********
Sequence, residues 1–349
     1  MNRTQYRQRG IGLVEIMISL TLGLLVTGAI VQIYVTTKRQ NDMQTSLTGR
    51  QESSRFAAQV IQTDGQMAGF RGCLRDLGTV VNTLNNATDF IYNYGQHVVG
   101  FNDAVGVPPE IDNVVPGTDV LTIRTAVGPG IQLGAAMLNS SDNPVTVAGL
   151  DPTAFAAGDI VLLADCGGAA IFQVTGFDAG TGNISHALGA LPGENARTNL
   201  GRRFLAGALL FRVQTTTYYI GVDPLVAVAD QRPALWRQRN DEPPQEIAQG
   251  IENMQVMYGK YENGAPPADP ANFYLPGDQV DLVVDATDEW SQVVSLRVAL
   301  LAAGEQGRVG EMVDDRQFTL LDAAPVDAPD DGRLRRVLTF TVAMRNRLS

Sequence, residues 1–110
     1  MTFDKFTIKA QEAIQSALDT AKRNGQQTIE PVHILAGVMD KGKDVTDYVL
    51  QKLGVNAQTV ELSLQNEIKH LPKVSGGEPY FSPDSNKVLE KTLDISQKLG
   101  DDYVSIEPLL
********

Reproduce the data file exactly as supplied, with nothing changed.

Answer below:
Sequence, residues 1–349
     1  MNRTQYRQRG IGLVEIMISL TLGLLVTGAI VQIYVTTKRQ NDMQTSLTGR
    51  QESSRFAAQV IQTDGQMAGF RGCLRDLGTV VNTLNNATDF IYNYGQHVVG
   101  FNDAVGVPPE IDNVVPGTDV LTIRTAVGPG IQLGAAMLNS SDNPVTVAGL
   151  DPTAFAAGDI VLLADCGGAA IFQVTGFDAG TGNISHALGA LPGENARTNL
   201  GRRFLAGALL FRVQTTTYYI GVDPLVAVAD QRPALWRQRN DEPPQEIAQG
   251  IENMQVMYGK YENGAPPADP ANFYLPGDQV DLVVDATDEW SQVVSLRVAL
   301  LAAGEQGRVG EMVDDRQFTL LDAAPVDAPD DGRLRRVLTF TVAMRNRLS

Sequence, residues 1–110
     1  MTFDKFTIKA QEAIQSALDT AKRNGQQTIE PVHILAGVMD KGKDVTDYVL
    51  QKLGVNAQTV ELSLQNEIKH LPKVSGGEPY FSPDSNKVLE KTLDISQKLG
   101  DDYVSIEPLL